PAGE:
The Chief Scrutineer has officially lodged a vote of no confidence against the Chief Minister, telling States Members that a vote in favour of ousting him “will be a vote for values and integrity.”
Senator Kristina Moore made the official push to topple Senator John Le Fondré in the wake of the bitter row over Government CEO Charlie Parker’s second job at UK real estate firm New River, which the Chief Minister allowed him to take without the correct permission.
According to his contract, Mr Parker should have secured written permission from the States Employment Board (SEB) – his ‘Employer’ – but instead only verbally asked its Chair, Senator Le Fondré.
But Senator Moore says her push is about more than just the “New River debacle”, citing the hospital saga, population policy, Government expenditure, oversight of the civil service and handling of the covid-19 pandemic among her reasons for bringing the motion.
Pictured: Charlie Parker's description on the New River website.
In a report explaining the rationale behind the no confidence vote, Senator Moore writes: "The purpose of this proposition is to restore faith in the leadership of the Island and to call for the observance of good governance, greater accountability and transparency.
"If members will support this proposition, they will be voting to rebuild the culture of the organisation that serves the public and to put Jersey back on track. A vote pour will be a vote for values and integrity. A vote pour will lead to a smooth transition offering certainty, clarity and a vision that will make islanders proud again."
It was filed yesterday afternoon with the backing of six States Members:
The vote will take place next Tuesday 10 November after States Members agreed to bring the vote forward.
Within the hour of the vote of no confidence being lodged yesterday, the Chief Minister made a veiled swipe at Senator Moore and her supporters in a statement delivered about the matter of the CEO’s second job.
“I believe some Members would like to capitalise on this opportunity for political gain and to see the Chief Executive, myself, or the Government fall,” he said.
“I believe that this type of behaviour would result in a manifestly disproportionate outcome given the circumstances.
“It is for Members to consider if they really feel that such a move is in the interests of the island.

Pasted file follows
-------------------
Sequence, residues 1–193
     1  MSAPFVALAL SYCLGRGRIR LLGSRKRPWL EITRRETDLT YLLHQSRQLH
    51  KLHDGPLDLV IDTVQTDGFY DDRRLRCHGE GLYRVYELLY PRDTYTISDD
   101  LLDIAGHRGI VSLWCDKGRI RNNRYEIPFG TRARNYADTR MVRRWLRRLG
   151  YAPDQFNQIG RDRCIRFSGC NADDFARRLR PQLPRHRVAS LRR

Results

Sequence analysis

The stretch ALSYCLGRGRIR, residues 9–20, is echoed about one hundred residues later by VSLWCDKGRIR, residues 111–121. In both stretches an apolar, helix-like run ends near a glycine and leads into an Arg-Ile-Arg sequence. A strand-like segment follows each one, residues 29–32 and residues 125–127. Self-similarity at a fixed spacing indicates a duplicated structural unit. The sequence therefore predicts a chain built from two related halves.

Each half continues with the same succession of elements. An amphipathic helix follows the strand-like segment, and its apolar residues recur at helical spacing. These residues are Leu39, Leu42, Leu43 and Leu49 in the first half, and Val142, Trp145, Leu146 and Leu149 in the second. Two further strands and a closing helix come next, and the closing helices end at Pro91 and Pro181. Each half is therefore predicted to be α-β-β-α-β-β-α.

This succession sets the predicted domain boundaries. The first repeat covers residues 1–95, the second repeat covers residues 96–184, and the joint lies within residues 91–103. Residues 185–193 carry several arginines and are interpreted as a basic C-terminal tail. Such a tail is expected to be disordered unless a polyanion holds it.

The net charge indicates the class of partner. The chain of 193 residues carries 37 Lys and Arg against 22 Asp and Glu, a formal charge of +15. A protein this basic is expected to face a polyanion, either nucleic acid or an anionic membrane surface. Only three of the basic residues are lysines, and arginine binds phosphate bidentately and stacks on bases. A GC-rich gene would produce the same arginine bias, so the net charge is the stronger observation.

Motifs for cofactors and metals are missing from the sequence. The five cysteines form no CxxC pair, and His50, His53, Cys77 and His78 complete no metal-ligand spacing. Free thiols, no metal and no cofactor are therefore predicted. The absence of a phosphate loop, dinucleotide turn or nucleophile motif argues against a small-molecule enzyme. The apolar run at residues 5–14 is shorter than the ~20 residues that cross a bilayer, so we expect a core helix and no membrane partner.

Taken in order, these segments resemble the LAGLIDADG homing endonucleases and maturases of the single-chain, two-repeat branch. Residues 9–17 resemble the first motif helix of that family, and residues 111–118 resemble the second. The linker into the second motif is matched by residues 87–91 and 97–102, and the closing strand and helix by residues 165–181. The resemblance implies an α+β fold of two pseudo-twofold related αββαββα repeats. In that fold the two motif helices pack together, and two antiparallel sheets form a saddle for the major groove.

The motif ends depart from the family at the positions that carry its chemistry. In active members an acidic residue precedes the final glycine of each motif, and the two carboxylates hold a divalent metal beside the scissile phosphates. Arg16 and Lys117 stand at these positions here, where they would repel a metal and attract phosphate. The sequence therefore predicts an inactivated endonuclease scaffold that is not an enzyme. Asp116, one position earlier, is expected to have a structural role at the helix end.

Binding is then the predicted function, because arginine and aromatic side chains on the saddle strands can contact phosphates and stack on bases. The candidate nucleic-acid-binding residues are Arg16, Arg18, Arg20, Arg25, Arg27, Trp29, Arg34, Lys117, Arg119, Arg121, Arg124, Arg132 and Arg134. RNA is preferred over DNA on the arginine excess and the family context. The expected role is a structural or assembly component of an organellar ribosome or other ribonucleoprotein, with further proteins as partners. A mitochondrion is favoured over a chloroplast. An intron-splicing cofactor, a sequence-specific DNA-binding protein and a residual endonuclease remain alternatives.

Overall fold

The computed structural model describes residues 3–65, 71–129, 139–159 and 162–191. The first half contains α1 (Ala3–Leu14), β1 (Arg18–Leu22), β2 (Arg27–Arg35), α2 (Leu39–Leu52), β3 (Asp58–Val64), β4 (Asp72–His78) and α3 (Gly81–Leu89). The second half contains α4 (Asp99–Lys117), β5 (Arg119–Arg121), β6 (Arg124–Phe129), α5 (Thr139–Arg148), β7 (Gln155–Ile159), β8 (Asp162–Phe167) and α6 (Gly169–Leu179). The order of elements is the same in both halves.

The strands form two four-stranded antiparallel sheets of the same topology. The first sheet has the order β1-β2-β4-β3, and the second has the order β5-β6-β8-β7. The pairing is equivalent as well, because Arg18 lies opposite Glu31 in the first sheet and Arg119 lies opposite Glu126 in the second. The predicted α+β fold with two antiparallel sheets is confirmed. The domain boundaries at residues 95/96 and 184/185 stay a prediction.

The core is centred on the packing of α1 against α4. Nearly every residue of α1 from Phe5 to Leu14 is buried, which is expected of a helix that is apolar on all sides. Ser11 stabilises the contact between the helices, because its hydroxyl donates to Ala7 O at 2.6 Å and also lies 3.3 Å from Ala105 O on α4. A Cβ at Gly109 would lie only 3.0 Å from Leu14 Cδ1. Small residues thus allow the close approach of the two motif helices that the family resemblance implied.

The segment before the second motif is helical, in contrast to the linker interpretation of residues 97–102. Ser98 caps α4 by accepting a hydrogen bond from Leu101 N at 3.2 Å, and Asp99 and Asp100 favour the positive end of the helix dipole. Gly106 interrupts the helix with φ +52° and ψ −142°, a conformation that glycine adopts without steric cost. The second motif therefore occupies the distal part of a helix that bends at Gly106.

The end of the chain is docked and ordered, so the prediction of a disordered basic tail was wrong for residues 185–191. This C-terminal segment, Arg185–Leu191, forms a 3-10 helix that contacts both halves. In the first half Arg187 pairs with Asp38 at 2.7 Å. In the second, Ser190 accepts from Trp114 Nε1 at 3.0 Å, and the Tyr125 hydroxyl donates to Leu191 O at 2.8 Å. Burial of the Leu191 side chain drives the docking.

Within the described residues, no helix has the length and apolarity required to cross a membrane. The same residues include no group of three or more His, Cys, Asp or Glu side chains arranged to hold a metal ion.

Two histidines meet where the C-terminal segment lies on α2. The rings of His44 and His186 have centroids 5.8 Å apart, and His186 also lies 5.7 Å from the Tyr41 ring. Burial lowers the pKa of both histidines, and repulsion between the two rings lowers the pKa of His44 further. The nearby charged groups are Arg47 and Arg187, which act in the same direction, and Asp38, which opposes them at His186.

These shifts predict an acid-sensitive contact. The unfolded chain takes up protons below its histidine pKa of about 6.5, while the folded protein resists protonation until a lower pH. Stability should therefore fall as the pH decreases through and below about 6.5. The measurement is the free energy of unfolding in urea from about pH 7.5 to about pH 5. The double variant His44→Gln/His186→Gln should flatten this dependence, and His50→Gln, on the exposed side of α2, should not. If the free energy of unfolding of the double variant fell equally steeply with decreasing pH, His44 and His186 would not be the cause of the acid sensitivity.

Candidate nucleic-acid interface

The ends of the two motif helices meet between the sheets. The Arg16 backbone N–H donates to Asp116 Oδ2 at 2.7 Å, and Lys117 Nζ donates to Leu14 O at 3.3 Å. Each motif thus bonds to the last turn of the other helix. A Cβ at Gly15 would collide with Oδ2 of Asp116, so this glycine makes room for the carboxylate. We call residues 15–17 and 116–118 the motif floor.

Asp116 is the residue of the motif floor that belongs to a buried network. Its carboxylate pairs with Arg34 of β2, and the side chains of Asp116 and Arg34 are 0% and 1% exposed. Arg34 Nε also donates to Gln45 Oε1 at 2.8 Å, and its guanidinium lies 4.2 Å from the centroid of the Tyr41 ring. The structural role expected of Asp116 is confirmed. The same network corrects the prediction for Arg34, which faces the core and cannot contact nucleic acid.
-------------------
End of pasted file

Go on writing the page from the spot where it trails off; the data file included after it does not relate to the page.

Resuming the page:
“It is for Members to consider if they want to initiate a situation where the proposed Government Plan, and the planned funding arrangements for schools, for healthcare, for investing in our economy and for managing the covid-19 pandemic are all put at risk.
“It is for Members to consider if they want to focus on removing a Chief Executive at a time when we instead should be focusing on improving children’s services, delivering changes to health care and mental health services, building a new hospital, delivering a revamped Fort Regent and key public service reforms, sorting out the huge number of legacy issues facing our technology systems, and of course improving our estate.
“And it is for Members to consider how the public will view such unnecessary and all- encompassing politicised disruption to the work of Government, in the middle of a severe pandemic on our borders and preparations for the new UK-EU relationship.“
He also hit out at the States Members who spoke out on the handling of Mr Parker’s New River role, aside from new Public Accounts Committee Chair Deputy Inna Gardiner, whom he praised.
“I am disappointed that some Members chose to make public statements on the issue regarding the Chief Executive without approaching me directly to understand the facts. However, I would, like to recognise and thank the newly appointed Chair of PAC who has issued her own balanced statement expressing her wish to understand the matter in detail.”
The statement also saw the Chief Minister reveal that his fellow Ministers – who held a crisis meeting yesterday to discuss how to fend off the impending political challenge – did not support Mr Parker retaining his second role.
Noting that he recognised the “anger that has arisen among Members, Ministers and the public”, Senator Le Fondré commented: “The Council has agreed that I should meet with the Chief Executive at the earliest opportunity to relay their concerns and allow the Chief Executive to respond to them.
“Whilst the Council of Ministers expressed their support for the Chief Executive in the role he is doing, they have felt that the Non-Executive role is not compatible with the demands of his duties at this time.”
He concluded his statement by saying that he expected to be able to update his Ministerial colleagues and the SEB today (Tuesday 3 November).
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